The $850 million first phase of Hines’s Fenton project, one of the largest retail-driven development projects in the country in the last five years, has opened in Cary in the heart of North Carolina’s Research Triangle.
Marching bands played and dazzlingly dressed women dispensed champagne from cocktail skirts to some 600 invited guests last week on opening day at the mixed-use community that has been under construction for seven years. Phase One presents some 350,000 sq. ft. of specialty and experiential retail, including a high-end Paragon movie theater.
“It was happiness all around,” said Hines managing direct Paul Zarian, a key mover of Fenton. “It was great to share our hard work with the people in the local community and create a place where they’ll want to spend a lot of time.”
One of the celebrants at the opening of the 69-acre site was Cary Mayor Harold Weinbrecht, who blew out the candles on a cake for his 66th birthday at the event. Weinbrecht recounted how the state, which owned the land before Hines bought it, was about to turn the site into a storage location for state vehicles unless Cary found a better option.
“It’s the largest development in Cary history and we’re still not done,” the Mayor told the Raleigh-Durham News & Observer. “It’s supposed to be about the experience more than anything else.
Zarian observed that Cary was the ideal location for such an ambitious project—a high-income suburban community along Interstate 40 with good schools in a highly accessible section of the Triangle.
“It has all those great employment fundamentals for the tenants in our office space,” Zarian said. “What was missing was an active and vibrant community center where the entire Triangle could congregate. Funnily enough, at the opening ceremonies, we did a drawing of three big prizes. One was won by a person from Cary, one from Raleigh, and one from Durham.”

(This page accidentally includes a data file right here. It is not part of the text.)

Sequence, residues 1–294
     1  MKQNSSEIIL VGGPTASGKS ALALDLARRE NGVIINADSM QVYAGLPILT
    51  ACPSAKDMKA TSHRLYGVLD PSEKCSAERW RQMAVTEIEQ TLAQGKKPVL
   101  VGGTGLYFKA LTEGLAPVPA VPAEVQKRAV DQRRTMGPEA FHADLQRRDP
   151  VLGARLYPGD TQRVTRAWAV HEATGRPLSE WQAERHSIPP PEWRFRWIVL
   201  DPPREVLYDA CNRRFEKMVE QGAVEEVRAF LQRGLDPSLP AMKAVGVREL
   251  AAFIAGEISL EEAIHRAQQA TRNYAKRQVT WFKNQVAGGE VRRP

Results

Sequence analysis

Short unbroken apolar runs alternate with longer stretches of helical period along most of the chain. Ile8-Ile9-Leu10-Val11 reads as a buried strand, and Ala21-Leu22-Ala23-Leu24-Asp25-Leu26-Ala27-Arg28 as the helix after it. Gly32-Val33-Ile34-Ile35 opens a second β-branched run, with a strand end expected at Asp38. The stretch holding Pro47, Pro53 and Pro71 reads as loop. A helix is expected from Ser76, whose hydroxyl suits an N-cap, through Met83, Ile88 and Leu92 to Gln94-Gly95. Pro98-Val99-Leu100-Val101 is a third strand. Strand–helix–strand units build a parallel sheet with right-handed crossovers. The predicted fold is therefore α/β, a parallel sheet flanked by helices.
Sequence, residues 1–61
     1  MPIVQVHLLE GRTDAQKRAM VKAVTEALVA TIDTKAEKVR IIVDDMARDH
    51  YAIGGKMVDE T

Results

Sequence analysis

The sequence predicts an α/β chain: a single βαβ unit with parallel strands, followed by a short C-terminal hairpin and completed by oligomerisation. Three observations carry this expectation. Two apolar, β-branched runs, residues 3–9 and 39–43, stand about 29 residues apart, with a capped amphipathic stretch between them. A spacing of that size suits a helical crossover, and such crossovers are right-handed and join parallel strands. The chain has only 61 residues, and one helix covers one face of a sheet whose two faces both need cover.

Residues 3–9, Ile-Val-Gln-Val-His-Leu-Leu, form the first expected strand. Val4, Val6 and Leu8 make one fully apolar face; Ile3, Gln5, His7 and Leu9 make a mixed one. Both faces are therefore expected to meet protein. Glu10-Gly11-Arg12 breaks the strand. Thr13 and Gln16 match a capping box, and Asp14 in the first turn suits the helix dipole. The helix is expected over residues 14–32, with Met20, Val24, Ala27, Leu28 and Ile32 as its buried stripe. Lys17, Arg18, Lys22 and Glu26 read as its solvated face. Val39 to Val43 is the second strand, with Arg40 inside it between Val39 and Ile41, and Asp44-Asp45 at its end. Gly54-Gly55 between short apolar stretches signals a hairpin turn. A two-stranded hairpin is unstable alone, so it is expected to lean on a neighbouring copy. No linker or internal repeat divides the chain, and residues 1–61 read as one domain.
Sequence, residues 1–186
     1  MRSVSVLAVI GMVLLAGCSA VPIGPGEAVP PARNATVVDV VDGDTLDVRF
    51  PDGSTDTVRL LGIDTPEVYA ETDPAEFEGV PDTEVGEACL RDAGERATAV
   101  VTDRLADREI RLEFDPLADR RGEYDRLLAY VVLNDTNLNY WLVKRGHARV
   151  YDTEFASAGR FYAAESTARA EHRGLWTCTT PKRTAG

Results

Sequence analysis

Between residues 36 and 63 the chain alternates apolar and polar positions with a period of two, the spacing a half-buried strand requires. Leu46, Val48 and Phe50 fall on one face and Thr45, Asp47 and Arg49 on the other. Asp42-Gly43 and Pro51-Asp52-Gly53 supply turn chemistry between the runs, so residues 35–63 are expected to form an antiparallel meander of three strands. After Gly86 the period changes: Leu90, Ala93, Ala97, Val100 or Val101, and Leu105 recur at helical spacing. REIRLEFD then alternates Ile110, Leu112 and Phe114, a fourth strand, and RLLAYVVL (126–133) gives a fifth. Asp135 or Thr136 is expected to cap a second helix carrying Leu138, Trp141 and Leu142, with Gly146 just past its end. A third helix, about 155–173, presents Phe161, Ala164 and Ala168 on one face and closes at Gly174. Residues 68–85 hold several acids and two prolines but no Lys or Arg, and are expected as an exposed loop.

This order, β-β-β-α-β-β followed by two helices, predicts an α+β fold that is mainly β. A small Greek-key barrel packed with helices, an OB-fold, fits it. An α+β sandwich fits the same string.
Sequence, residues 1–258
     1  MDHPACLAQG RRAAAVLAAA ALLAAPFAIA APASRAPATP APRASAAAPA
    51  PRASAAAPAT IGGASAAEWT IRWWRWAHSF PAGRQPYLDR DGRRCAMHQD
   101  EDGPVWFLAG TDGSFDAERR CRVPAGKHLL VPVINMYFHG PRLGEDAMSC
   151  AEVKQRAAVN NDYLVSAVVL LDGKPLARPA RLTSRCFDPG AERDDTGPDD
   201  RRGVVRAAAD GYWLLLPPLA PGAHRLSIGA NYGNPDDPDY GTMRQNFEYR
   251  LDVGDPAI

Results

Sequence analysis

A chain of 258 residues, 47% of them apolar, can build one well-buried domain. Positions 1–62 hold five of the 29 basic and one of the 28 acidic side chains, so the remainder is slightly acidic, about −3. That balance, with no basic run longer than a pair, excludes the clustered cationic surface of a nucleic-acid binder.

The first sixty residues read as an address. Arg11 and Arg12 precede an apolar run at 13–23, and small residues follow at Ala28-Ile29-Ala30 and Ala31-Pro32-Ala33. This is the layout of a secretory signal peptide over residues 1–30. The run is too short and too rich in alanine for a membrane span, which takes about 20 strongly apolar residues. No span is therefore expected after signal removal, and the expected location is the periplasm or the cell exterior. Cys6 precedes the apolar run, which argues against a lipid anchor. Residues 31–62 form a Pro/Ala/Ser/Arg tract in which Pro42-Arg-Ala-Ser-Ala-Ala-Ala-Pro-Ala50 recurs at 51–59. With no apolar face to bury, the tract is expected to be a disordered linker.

Fenton’s list of retailers promises to provide a draw. They include Arhaus, Lululemon, Pottery Barn, Sephora, Free People, Madewell, One Medical, and Sports & Social.
Restaurant row, too, packs a star-studded punch. Mike Lee, owner-operator of the highly popular M Sushi restaurant in downtown Durham—turned down several pitches from Fenton leasing agents until he heard good things about the project from fellow top chef Scott Crawford. Crawford Brothers Steakhouse and M Sushi now head the fine dining roster at the new center.
Other restaurants include chef Ford Fry’s elevated Tex-Mex eatery Superica and Charleston restaurateur Steve Palmer’s Northern Italian standout Colletta. Dram & Draught will ply visitors with more than 400 whiskeys, draft beer, and wine.
“This is a project unlike any I’ve been a part of because it had those local community orientations,” Zarian observed. “It’s gotten lots of eyeballs because it is retail-focused and the local chefs have created a lot of excitement.”